Upon arrest, can police search your cellphone or smartphone for evidence of criminal activity, or is that an invasion of privacy?
WASHINGTON — Delving into the legal jungle of privacy and technology, the Supreme Court agreed Friday to consider two cases that test whether cellphones and smartphones can be searched without a warrant.
The cases, which could be heard by the court in April and decided by late June, involve searches performed by police that turned relatively minor traffic and drug infractions into major felony convictions. In both cases, the crucial information was found on the suspects’ mobile phones.
On one level, the cases represent an inevitable Supreme Court entry into the world of cellphones, owned by more than nine in 10 American adults. In the past few years, courts from California to Texas to Florida have split over the issue of cellphones and digital content.
On another level, the cases may be just a precursor to more expansive and potentially explosive high court inquiries. Those could include an examination of the National Security Agency’s phone and computer surveillance methods, on which two federal district judges have diverged in recent weeks.
In the past few years, the high court has ruled on the use by police of other innovations, such as GPS devices and thermal imaging. The justices generally, but not always, have come down on the side of privacy rights.
Not far behind the issue of cellphone searches is another legal conundrum: whether police can get the location of cellphone users from service providers without a warrant. Lower courts have split on that issue as well, making a Supreme Court showdown likely in the future.
THE WAVE OF THE FUTURE
Several justices have acknowledged that the clash of privacy and technology is likely to dominate the court’s docket for years to come. That’s worrisome because they live in a marble palace of ivory paper and quill pens.
“Frankly … we’re not all technologically expert,” Chief Justice John Roberts said in a speech in 2012. More recently, Justice Elena Kagan quipped, “E-mail is already old-fashioned, and the court hasn’t gotten to that yet.”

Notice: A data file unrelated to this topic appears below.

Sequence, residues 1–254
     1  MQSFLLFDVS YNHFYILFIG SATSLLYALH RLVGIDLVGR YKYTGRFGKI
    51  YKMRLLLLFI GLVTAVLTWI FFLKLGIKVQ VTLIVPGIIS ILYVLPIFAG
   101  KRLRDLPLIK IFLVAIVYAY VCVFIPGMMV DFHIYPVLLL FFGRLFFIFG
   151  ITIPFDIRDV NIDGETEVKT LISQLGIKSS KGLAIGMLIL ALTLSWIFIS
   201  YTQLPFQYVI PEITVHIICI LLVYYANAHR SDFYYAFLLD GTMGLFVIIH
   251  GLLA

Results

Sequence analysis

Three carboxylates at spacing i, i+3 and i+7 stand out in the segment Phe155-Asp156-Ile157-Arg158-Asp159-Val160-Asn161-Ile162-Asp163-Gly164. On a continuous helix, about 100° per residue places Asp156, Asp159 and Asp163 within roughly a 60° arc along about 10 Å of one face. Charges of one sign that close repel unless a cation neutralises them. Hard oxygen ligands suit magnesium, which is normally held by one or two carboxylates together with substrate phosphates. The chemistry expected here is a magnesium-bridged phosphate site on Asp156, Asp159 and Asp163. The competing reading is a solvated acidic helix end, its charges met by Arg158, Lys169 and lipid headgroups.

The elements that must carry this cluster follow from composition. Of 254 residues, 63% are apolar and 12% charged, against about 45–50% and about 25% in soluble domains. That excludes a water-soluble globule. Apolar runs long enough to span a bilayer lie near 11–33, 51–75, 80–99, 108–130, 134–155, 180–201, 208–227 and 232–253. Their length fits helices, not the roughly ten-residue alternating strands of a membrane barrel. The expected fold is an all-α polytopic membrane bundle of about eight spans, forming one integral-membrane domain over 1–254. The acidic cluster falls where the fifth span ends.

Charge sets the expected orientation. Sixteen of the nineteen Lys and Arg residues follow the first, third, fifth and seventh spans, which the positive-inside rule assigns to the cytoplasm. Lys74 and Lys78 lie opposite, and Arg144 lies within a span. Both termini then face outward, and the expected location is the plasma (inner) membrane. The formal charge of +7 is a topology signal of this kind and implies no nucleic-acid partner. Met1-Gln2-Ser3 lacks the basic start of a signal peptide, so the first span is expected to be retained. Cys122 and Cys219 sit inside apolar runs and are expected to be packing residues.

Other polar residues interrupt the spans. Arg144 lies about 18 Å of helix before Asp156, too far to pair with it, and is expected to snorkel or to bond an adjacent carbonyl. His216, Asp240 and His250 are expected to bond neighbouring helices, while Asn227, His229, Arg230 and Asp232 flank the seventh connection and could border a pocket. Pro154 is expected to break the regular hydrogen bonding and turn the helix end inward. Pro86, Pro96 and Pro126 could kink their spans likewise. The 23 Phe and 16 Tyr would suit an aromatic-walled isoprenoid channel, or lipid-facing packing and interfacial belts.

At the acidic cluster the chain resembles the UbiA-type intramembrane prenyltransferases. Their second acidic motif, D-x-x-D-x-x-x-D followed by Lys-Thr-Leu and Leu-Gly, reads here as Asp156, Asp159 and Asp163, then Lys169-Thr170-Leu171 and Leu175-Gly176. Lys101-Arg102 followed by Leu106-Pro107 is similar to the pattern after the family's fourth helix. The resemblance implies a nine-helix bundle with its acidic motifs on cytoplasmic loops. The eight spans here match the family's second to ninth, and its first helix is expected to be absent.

The facts about what police can do when making an arrest have been clear for 40 years: They can search the person being arrested and what’s within reach, with an eye toward weapons or evidence that could be destroyed.
Cellphones and, increasingly, smartphones that mimic computers have clouded those facts. At least six federal or state appellate courts have ruled that they are fair game; at least three others have said search warrants are required.
‘OUR MOST SENSITIVE INFORMATION’
The two cases the court will hear have reached opposite conclusions:
In U.S. v. Wurie, police opened Brima Wurie’s flip-phone to view the phone number associated with repeated incoming calls. That led them to get a search warrant for his apartment, where they seized crack cocaine, marijuana, cash, a firearm and ammunition. Wurie was convicted and sentenced to more than 20 years in prison.
The 1st Circuit appeals court reversed on two counts, ruling that the cellphone search violated Wurie’s constitutional protection against unreasonable search and seizure.
The Justice Department asked the Supreme Court to take the case, contending that “police have full authority not only to seize any object they find on an arrestee, but also to search its contents.”
In Riley v. California, a routine traffic stop led police to discover David Riley’s suspended license. They impounded his car, found two guns under the hood and arrested him for concealing weapons.
Upon his arrest and again at the police station, they searched his Samsung smartphone, including text messages, photos and video. Based on that evidence, Riley was convicted and sentenced to at least 15 years in prison; the conviction was upheld at the state appeals court, and the state Supreme Court refused to reconsider it.
“A cellphone nowadays is a portal into our most sensitive information and the most private aspects of our lives,” says Jeffrey Fisher, lead attorney for David Riley and co-director of Stanford University’s Supreme Court Litigation Clinic. “It’s also a device that is the gateway to your office, health records, bank records.”
The Pew Research Center estimates that 56% of Americans have a smartphone, 31% seek medical information on their cellphones, and 29% use them for online banking.